Living Around the Bayou

Down the street, rather along Highway 165, I turned off at Cross Keys Bank to open an account and deposit a check from West End Press in payment for my trip to the Albuquerque Cultural Conference. (Maybe my life is changing.) Cross Keys is a local community bank with origins in St. Joseph, Louisiana and was founded by a Mr. Watson, so said Rhonda who opened my account. CK advises in its newsletter, “…the huge out-of-state banks are also the out-of-touch-banks.” I like that stance since I wasted much time with Wells Fargo about refinancing my loan in Oakland, California. They only did so once the federal government made refi’s fashionable and forced the banking industry to put up or get smacked on the knuckles. Cross Keys is a sponsor of local National Public Radio affiliate, KEDM in Monroe, and up the street from where I live. I also like to save on gas.

I’m not sure there are actually streets here in the conventional sense of the term, which is a more citified way of describing distances between one address and another. For example, I live around Bayou Bartholomew and the operative word here is “around.” One street meanders into another, so that we all live in a big loop with extensive lawns separating one house from another, a ring-around-the rosy situation, surrounded by water and too many mosquitoes that local people tell me are worse than they can remember, worse than they’ve been in years, partly because Hurricane Isaac swept all the “scissor-bills” up from the Gulf to northern Louisiana.

I’d like to believe that mosquitoes are resilient to 100 mile per hour winds, but I’m not sure I can. I have this uncomfortable feeling that life in Louisiana will be filled with DEET or powerful swabs of geranium and eucalyptus oils. I’ve already been warned about not becoming a bug activist, speaking out against poisoning insects. But getting back to the “around” issue, I do think there is a difference in living around a place as opposed to living on a block that is intersected horizontally and vertically by other blocks, which does something to the psyche, the former promoting a more “peaceful easy feeling” that the Eagles liked to sing about. Of course, I have no scientific proof, but then again, this is the age of the Internet.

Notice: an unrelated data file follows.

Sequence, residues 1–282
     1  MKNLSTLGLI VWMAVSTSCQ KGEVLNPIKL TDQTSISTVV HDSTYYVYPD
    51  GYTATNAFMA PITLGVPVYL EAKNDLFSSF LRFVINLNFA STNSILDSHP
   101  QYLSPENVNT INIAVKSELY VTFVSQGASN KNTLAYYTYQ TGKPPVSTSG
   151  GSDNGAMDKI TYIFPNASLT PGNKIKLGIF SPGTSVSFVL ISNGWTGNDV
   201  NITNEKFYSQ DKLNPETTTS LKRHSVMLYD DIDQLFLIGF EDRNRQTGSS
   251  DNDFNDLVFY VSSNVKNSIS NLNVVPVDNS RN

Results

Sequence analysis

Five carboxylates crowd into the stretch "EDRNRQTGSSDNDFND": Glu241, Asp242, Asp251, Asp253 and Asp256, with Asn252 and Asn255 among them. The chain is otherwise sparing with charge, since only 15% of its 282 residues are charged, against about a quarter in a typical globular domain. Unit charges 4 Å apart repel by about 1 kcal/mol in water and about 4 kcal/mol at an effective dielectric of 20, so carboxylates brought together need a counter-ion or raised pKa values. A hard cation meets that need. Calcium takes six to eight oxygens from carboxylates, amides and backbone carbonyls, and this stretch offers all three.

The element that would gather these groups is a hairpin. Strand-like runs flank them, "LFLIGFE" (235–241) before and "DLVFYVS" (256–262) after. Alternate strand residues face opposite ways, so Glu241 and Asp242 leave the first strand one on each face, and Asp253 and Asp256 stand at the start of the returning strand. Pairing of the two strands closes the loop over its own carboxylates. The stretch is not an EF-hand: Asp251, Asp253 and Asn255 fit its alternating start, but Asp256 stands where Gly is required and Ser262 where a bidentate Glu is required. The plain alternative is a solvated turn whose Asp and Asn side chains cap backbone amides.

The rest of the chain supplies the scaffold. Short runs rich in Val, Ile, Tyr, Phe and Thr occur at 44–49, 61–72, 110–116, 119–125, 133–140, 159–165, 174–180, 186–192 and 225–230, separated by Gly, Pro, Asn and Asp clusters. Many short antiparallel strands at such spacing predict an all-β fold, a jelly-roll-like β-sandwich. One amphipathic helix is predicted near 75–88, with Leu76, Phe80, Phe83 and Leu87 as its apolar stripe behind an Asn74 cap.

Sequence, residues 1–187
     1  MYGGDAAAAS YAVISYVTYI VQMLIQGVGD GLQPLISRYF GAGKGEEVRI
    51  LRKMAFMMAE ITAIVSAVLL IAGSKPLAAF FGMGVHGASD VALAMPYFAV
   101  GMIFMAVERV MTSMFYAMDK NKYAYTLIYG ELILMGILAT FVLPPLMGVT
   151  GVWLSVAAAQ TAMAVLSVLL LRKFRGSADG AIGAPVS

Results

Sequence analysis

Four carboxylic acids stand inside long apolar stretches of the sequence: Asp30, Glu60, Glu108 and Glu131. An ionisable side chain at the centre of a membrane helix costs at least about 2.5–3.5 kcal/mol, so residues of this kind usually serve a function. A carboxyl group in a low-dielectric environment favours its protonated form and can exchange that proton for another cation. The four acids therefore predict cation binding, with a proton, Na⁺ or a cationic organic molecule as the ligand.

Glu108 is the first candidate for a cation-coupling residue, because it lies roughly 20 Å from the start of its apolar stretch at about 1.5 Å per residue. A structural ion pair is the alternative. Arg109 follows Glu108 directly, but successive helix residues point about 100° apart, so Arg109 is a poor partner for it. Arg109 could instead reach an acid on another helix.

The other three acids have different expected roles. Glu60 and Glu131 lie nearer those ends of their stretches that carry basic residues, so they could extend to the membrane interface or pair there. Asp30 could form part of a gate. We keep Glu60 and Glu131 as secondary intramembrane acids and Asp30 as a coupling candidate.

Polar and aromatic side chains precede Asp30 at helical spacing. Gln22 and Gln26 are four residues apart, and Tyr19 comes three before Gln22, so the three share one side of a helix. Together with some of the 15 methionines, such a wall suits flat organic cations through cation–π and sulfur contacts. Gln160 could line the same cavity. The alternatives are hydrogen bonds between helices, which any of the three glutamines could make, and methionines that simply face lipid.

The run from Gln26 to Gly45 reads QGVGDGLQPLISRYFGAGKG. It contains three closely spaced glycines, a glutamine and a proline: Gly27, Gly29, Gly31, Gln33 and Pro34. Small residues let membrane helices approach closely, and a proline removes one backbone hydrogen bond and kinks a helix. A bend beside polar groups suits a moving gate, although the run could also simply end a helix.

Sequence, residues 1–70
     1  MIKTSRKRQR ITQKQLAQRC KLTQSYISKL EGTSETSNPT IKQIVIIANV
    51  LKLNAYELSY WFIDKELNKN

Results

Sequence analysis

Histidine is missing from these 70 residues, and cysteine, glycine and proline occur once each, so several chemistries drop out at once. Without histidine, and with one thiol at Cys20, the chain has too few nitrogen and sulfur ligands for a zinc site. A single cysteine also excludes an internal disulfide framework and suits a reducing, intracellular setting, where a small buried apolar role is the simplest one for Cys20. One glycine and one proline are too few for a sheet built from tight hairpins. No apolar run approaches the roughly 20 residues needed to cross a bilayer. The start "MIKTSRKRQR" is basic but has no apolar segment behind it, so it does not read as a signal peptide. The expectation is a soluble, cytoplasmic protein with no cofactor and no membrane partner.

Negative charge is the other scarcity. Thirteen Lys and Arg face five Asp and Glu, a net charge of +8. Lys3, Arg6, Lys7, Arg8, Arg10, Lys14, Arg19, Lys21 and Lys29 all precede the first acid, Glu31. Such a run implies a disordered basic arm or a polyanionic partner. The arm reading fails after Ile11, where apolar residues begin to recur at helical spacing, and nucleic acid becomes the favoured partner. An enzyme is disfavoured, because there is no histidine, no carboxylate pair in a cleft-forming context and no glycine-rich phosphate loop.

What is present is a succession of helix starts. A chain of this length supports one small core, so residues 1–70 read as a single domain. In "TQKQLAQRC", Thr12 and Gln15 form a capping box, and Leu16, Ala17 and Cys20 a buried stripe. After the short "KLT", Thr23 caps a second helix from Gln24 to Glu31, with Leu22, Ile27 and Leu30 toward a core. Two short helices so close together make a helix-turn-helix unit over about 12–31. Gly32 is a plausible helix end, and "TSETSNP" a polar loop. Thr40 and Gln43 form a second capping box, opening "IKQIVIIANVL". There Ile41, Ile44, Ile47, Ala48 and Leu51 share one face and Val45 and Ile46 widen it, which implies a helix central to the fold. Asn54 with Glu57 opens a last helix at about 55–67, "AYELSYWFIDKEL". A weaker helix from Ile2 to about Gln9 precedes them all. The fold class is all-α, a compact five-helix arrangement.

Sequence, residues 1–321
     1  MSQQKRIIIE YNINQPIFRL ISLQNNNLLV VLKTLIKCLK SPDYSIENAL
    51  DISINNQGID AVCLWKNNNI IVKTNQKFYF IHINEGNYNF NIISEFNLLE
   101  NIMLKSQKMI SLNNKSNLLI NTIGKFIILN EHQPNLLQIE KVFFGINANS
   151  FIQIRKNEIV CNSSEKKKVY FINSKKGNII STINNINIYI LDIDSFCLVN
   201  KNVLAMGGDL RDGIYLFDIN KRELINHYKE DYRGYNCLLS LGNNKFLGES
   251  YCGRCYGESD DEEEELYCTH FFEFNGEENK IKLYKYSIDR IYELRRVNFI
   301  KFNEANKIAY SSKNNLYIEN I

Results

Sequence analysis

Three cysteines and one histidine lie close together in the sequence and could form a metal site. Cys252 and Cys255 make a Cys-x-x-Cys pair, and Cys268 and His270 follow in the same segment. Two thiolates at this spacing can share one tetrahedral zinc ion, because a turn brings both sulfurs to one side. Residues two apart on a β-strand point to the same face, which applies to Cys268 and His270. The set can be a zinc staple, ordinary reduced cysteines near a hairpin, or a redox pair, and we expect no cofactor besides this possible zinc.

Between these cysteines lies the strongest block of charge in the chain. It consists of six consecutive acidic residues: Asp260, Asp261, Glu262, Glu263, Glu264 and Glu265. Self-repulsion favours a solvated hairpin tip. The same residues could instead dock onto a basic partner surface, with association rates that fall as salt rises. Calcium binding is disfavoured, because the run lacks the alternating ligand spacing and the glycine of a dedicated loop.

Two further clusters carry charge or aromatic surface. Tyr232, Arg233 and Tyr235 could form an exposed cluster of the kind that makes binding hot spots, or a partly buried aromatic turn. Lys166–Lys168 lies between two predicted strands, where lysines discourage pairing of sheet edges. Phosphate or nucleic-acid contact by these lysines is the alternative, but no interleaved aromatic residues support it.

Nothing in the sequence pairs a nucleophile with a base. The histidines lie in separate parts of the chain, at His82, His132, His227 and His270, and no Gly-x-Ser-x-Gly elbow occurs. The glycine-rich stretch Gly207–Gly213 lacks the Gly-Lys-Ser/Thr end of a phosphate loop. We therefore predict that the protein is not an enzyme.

There is something about moving along a continuous path that is reassuring. Anyhow, I’m glad I have a GPS device to help me find my way in this new landscape. I almost gave up locating the Monroe Athletic Club, twisting and turning down streets that made me think Etheltoo, my GPS assistant, (Ethel being the name of my car), was having a bad hair day. Despite my misgivings, Etheltoo came through. She always teaches me to believe. Sure enough, we arrived at the Monroe Athletic Club and I was pleased to see a large outdoor pool from my parking spot, walked inside and was given the tour of the facilities and an explanation of classes, including yoga, by a young man with spiky hair who said that he has relocated from the Lake Charles area. Maybe Hurricane Isacc that hit New Orleans straight on, also helped to change his direction.

The club was beautiful. Equipment was organized into a weight room and a cardio area, a classroom with a wooden floor that even had a stage for the instructor, unlike other gyms that lacked a shower or boasted having both a men and women’s bathroom. My spiky friend didn’t know any direct way from the women’s locker room to the pool, but told me how I could easily get back on Highway 165. I only needed to decipher what to my ear sounded like “Deboreaux,” but was just the Louisianian’s way of saying “Deborah.” I drove back home to my new residence around the bayou, just in time for lunch.

About Lenore Weiss

Lenore's collections include "Tap Dancing on the Silverado Trail" (2011) from Finishing Line Press, “Sh’ma Yis’rael” (2007) from Pudding House Publications, and "Cutting Down the Last Tree on Easter Island" (West End Press, 2012). Her writing has won recognition from Poets&Writers (finalist in California Voices contest) and as a finalist for Pablo Neruda Prize, Nimrod International Journal. The Society for Technical Communication has recognized her work regarding Technical Literacy in the schools. All material is copyrighted on this site and cannot be used without the author's permission.
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